of number of Black and Latino renters in Boston who are severely housing cost burdened
of Caribbean immigrants
in Boston live below
the poverty line.
full-time, minimum wage
workers could not afford
median Boston rents without
being severely cost-burdened.
is the median net worth of Black Caribbean households in Boston–compared to $247,000 for White households.
Advancing Equal Housing Opportunities for Immigrant Communities
Caribbean Integration Community Development (CICD) is dedicated to working with and for Caribbean immigrants and people of color to build more vibrant and economically resilient neighborhoods. CICD fosters community development by creating affordable housing and implementing programs that revitalize distressed neighborhoods, preserve ethnic, cultural, racial diversity, and advance the economic and social well-being of Boston residents.
CICD's model for change:
The U.S. is confronting an affordable housing crisis, and it's impacting Americans across the income spectrum. In Greater Boston, housing costs have increased faster than incomes for the poorest third of families, exacerbating local inequality and widening the racial wealth gap.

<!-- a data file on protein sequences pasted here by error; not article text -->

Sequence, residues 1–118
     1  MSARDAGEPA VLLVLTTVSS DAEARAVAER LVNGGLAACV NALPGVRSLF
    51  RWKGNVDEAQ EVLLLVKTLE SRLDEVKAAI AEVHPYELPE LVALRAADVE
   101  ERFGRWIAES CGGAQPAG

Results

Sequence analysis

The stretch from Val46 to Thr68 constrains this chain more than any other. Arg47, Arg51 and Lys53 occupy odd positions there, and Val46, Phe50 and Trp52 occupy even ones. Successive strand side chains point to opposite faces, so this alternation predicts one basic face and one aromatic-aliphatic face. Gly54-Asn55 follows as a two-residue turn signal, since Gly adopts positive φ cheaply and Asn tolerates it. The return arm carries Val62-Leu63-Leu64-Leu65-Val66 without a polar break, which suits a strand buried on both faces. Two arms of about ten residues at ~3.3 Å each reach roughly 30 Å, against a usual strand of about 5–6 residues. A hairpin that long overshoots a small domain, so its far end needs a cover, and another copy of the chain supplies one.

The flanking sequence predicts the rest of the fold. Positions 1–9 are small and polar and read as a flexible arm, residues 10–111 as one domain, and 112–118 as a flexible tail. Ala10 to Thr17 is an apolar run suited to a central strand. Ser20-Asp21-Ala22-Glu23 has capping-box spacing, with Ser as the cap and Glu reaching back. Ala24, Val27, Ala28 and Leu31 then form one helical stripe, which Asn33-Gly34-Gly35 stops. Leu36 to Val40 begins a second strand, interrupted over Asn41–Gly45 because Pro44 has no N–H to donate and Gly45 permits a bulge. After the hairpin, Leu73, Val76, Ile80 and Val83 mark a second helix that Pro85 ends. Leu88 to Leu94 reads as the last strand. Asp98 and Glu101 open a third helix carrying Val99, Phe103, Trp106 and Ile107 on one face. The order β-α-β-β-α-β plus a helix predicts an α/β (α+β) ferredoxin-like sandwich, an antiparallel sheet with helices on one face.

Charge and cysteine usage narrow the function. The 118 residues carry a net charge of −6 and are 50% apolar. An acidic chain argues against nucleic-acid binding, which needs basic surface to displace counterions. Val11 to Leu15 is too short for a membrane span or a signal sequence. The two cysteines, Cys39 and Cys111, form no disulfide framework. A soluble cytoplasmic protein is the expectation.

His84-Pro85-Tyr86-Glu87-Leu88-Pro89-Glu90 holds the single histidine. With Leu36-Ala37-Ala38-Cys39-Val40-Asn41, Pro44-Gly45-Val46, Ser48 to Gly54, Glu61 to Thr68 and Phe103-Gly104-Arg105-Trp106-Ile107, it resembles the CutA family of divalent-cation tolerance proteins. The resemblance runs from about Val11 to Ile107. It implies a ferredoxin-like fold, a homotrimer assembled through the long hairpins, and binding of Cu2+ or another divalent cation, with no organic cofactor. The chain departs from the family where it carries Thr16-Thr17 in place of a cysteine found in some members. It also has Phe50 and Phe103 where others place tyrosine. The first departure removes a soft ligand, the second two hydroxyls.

CICD leverages real estate development in struggling communities to build healthy neighborhoods and broadens access to economic opportunities. We develop affordable housing solutions and offer culturally sensitive support and resources through programming for professional development, workforce training and community engagement.
Homes & Hope go hand-in-hand
Our nation is in the midst of a serious affordable housing crisis with only 4 million affordable homes available for the country's 11 million extremely low-income families. Affordable housing is vital because:
It's good for
It builds diverse and
Watch our video about revitalization of a lot in Mattapan
that's been vacant for over 30 years.